MLB: 7 Sluggers Who Need to Be Traded Before the Deadline
While Major League Baseball stages its midsummer pageant in Cincinnati, general managers around the league are scrambling to decide on a course of action. Who are the buyers and who are the sellers of 2015?
Looking at the most disappointing teams of 2015, the answer is not a simple one. The Boston Red Sox, for all the team’s failings, stood just seven losses behind first-place New York (two losses behind second-place Tampa) at the All-Star break. That’s nothing a good run couldn’t cure. Detroit, limping into the break at 44-44, is another team that will have to do some soul-searching before the trade deadline.
Then again, teams barely keeping their heads above water face huge competition for the first and second Wild Cards. GMs have to believe they can pass five or six teams and compete with MLB’s best in order to justify buying ahead of the July 31 deadline. Otherwise, they are just investing in future failure for their organizations.
Here are seven sluggers who should be traded by the deadline for the sake of their teams’ futures.
1. Jay Bruce, Reds
After a slow start, Jay Bruce has come out swinging in June and July, posting a .925 OPS in his last 30 games before the break (13 HR, .806 OPS overall). Bruce has the remainder of his 2015 contract (about $5 million) and his 2016 salary ($12.5 million) for teams to chew on, but a slugging corner outfielder fits into several teams’ needs for the pennant race. According to Jon Heyman of CBS Sports, Cincinnati is reluctant to pay any of Bruce’s salary, which is an obvious hurdle in a deal for the slugger.
2. Hanley Ramirez
The jury is deadlocked on whether the Red Sox should be sellers in 2015. On the one hand, they could make another run and claw their way toward the top of the AL East. On the other, they lost their best pitcher (Clay Buchholz) to injury and remain in last place after a great stretch. Skeptics might add they don’t have the pitching or offense to go deep into the postseason, negating the point of buying at the trade deadline.
If they are going to sell, Hanley Ramirez (19 HR, .816 OPS) would be the most desirable piece for the front office to move. HanRam has been an unmitigated disaster in the outfield but a menacing bat in 2015. His profile screams DH, but Boston has David Ortiz filling that role for the foreseeable future. Will anyone take on an $83-million DH for the next four years? Keeping Ramirez off the field would be the best way to keep him healthy and productive, but it’s a steep price. We say Boston should sell and slide one of the slew of outfield prospects into the mix.
3. Carlos Gonzalez
Yes, the Carlos Gonzalez situation continues to have no resolution in Colorado. He’s owed about $43 million through 2017, so it may be a tough sell for teams to add a player who’s only managed 13 HR and a .766 OPS playing half his games at Coors Field this season. On the Rockies’ side is CarGo’s hot streak in the seven games leading up to the break. He smoked 3 HR and posted a .464 average (.929 OPS) before the plug was pulled on the first half.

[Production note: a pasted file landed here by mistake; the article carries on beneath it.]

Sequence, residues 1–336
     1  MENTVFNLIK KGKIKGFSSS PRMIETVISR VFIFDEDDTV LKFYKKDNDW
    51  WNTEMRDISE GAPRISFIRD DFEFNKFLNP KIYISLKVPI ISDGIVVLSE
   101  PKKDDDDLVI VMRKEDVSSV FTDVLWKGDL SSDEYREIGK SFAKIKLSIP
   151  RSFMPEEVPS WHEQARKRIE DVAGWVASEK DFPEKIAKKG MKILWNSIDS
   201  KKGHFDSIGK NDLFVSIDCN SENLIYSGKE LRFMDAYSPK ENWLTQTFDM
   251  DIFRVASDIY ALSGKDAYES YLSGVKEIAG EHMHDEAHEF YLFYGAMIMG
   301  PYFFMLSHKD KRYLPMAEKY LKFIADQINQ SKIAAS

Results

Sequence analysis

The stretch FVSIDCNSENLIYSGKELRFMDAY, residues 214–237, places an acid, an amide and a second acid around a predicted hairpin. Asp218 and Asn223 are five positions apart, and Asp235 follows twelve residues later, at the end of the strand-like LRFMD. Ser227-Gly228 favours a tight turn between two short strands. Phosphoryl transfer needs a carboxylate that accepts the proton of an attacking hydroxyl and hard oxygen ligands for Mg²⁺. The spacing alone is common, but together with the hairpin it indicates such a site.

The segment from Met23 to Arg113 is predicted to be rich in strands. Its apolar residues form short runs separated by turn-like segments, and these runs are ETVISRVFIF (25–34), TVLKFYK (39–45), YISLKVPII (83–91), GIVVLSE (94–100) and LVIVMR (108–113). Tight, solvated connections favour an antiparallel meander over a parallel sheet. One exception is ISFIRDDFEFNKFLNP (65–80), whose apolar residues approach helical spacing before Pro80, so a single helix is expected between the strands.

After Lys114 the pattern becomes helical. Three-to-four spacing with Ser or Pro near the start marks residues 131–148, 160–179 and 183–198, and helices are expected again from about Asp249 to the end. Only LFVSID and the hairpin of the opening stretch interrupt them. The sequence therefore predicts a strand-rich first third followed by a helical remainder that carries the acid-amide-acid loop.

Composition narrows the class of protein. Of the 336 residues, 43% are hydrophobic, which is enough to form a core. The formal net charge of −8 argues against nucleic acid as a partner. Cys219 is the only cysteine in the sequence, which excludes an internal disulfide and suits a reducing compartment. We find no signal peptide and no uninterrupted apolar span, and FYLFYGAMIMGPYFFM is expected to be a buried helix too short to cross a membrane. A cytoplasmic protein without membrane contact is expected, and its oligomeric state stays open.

4. Yoenis Cespedes
Even if Detroit does not consider itself a seller — with all its humongous contracts, it’s a tough thing to admit — Yoenis Cespedes is a slugger the team should move by July 31. The Tigers are unlikely to offer him a long-term deal after the season, when Cespedes’s current contract expires, so it would be a case of getting what they can for a late-season rental. As Boston proved in the Andrew Miller deal of 2014, the spoils (i.e., Eduardo Rodriguez) can be extravagant in such trades. Cespedes has 40 extra-base hits and 51 RBI in 2015 though he continues to be a mediocre on-base guy (.322 OBP).
5. Justin Upton
The Padres looked like they would bruise NL West lineups with Matt Kemp, Justin Upton, and Wil Myers in the outfield. Only Upton (14 HR, 17 SB, 48 RBI) has held up his end of the bargain in 2015, his walk year ahead of free agency. Clearly, San Diego should be in sell mode with its sad run over for the year. Upton could fetch some quality prospects for the Padres and allow the front office to save face after its failed offseason experiment. We’d say trade Kemp too but can’t imagine anyone buying.
6. Ryan Howard, Phillies
Though it continues to defy logic, Ryan Howard is still a Phillie. The big guy has cranked 15 HR and notched 45 RBI in 2015, but he’s also batting .226 with 91 SO and a .270 OBP in 82 games. Sure, the situation is a disaster, and Howard being owed another $35 million through 2016 is not making it any better. But isn’t it time for Philly’s front office to bite the bullet and take absolutely anything it can get? They’re not winning anything with him on the team and the money is already spent. Moving him would be as much a psychological boost for the organization as anything.
7. Troy Tulowitzki
Would any team take the $125 million remaining on Tulo’s contract and offer up big prospects in the deal? That get would be considerable for Rockies management, but it appears no one has been willing to go so deep for the star shortstop. You have to like the .313 BA, 92 H, 10 HR, and .831 OPS Tulowitzki posted before the break, though the numbers (combined with his defense) do not place him in the top 10 among MLB shortstops in WAR. It’s another long summer in Colorado, with many more ahead. The best deal might involve paying down some of his contract to reel in a better prospect haul.
All statistics courtesy of Baseball-Reference (current as of July 16).